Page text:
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Damien Leith

Irish Australian singer, songwriter, author and playwright


Damien Leith

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To celebrate Fathers Day in the US and northern hemisphere I am thrilled to welcome well known Irish / Australian singer Damien Leith to the show. Damien is a multi-talented artist that has made his mark in Australia as a singer/ songwriter, producer, author, playwright and tv/radio host personality and he is a dad of 3 children.

Damien grew up in Ireland surroudned my music, but didnt get into singing until he was 17. He started a family band with his brother and 2 sisters and toured around Ireland. He came to Australia in 2003 after meeting his soon to be wife Eileen in Ireland, on the first leg of a round the world trip, and has never left!

The talented family man first captured the attention and affection of Australians when he contested the 2006 edition of Australian Idol – a series he went on to win. Since then, his career skyrocketed, but he has remained charming, grounded and modest – securing him a place as a popular and well-loved Australian personality.

Over the past 17 years Damien has enjoyed platinum-selling albums selling over 750,000 albums and won many prestigious awards including Arias, a Golden Guitar, Songwriter of the Year and many more. His Aria wins include number 1 chart awards for the albums WHERE WE LAND and THE WINNER'S JOURNEY, highest selling album, and highest selling single and number 1 chart award for the track, NIGHT OF MY LIFE. His music has been chosen to appear in commercials, movies and television shows.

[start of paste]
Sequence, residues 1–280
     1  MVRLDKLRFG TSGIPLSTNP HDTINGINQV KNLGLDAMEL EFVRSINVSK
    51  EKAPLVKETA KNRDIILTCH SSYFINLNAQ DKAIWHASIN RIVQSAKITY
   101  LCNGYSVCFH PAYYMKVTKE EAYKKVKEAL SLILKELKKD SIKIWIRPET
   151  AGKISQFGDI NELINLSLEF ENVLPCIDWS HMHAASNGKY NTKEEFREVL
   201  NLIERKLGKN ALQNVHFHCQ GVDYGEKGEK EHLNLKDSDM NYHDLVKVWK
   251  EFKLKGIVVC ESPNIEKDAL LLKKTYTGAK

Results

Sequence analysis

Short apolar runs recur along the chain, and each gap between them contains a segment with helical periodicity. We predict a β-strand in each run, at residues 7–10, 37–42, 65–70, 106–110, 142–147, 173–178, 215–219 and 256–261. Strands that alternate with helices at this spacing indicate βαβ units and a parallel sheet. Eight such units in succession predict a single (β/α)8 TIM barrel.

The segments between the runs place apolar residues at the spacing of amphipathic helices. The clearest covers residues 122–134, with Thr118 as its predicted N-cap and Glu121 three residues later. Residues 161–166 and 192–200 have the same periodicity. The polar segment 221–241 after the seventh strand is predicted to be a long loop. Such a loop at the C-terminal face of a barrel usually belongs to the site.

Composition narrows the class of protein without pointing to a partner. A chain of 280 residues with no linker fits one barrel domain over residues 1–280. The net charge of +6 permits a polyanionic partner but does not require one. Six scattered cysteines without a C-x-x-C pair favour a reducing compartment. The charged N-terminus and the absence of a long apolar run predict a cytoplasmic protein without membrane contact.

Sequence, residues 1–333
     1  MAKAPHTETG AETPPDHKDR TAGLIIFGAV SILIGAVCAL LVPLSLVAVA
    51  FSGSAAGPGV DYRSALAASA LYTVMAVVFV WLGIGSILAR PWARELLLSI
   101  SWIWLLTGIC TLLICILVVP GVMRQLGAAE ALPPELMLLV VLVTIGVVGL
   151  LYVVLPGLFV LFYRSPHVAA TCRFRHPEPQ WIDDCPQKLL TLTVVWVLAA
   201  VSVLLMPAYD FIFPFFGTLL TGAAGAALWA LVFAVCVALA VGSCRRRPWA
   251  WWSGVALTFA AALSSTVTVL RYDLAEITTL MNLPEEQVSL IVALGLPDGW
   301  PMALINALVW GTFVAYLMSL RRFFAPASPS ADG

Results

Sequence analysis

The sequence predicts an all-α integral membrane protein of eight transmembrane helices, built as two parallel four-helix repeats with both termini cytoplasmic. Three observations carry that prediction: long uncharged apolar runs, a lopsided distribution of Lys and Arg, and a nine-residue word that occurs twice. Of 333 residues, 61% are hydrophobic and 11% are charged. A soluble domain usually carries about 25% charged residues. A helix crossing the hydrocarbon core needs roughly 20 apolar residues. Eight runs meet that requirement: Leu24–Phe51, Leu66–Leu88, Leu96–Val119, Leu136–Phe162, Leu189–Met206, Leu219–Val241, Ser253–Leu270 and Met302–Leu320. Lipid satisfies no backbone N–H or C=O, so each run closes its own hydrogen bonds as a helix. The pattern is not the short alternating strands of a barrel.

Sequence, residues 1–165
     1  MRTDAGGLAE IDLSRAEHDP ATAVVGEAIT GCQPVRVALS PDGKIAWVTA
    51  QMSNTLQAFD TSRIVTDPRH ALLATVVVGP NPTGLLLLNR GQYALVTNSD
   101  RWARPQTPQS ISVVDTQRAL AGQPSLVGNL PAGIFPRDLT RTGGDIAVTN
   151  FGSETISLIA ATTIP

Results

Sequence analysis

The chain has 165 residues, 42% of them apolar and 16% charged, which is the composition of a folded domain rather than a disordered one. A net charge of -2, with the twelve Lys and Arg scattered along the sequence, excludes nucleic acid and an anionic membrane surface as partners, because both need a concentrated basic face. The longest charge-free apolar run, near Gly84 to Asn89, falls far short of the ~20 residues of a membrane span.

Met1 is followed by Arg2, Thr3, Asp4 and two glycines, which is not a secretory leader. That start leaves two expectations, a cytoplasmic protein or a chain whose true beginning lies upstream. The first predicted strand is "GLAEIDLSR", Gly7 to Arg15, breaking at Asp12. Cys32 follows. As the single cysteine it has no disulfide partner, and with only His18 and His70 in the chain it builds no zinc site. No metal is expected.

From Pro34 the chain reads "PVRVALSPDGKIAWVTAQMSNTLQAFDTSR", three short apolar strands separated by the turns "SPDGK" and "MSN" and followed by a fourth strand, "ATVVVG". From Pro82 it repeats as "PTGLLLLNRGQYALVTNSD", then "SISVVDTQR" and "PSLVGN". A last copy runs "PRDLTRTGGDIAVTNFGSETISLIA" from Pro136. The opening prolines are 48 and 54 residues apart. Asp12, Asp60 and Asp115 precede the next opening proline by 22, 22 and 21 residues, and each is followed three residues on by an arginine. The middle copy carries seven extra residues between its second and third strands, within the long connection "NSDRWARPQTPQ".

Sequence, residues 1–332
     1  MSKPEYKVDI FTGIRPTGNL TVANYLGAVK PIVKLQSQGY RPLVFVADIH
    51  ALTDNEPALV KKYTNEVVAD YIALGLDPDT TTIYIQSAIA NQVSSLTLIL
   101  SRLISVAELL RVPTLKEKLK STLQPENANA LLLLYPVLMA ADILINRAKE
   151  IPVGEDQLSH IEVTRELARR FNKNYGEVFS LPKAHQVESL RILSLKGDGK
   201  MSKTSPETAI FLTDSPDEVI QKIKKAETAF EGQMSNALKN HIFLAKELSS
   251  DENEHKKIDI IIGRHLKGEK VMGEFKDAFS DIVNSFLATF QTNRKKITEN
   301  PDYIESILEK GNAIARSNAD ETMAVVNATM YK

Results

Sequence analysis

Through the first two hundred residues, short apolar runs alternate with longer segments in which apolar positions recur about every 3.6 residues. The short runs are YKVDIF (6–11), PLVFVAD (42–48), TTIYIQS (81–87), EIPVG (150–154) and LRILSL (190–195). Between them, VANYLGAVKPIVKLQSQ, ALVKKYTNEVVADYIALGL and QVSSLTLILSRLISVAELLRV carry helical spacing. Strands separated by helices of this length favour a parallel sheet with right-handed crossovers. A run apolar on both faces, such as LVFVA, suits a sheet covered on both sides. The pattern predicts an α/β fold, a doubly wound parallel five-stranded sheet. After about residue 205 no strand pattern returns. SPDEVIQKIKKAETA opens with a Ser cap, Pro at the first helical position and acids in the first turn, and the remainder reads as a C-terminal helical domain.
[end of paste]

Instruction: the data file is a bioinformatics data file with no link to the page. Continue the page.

Damien was a celebrity contestant and finalist on the 2011 series of DANCING WITH THE STARS. Damien also loves creative writing, publishing two novels ONE MORE TIME (2007) and REMEMBER JUNE (2009). He also shares his expertise as a singer/songwriter and has created online courses to help artists improve their voice and songwriters to write, record and release their own music through his DAMIEN LEITH ACADEMY.

When Damien is not touring and performing, he spends his time in his recording studio where he is a highly sought-after songwriter (published through Embassy Publishing) and producer. Writing for many artists, he won 2016 APRA/ASA songwriter of the year and 2017 APRA/AMCOS GOLDEN GUITAR winner for song of the year.

This episode contains mentions of OCD

Damien- website / shows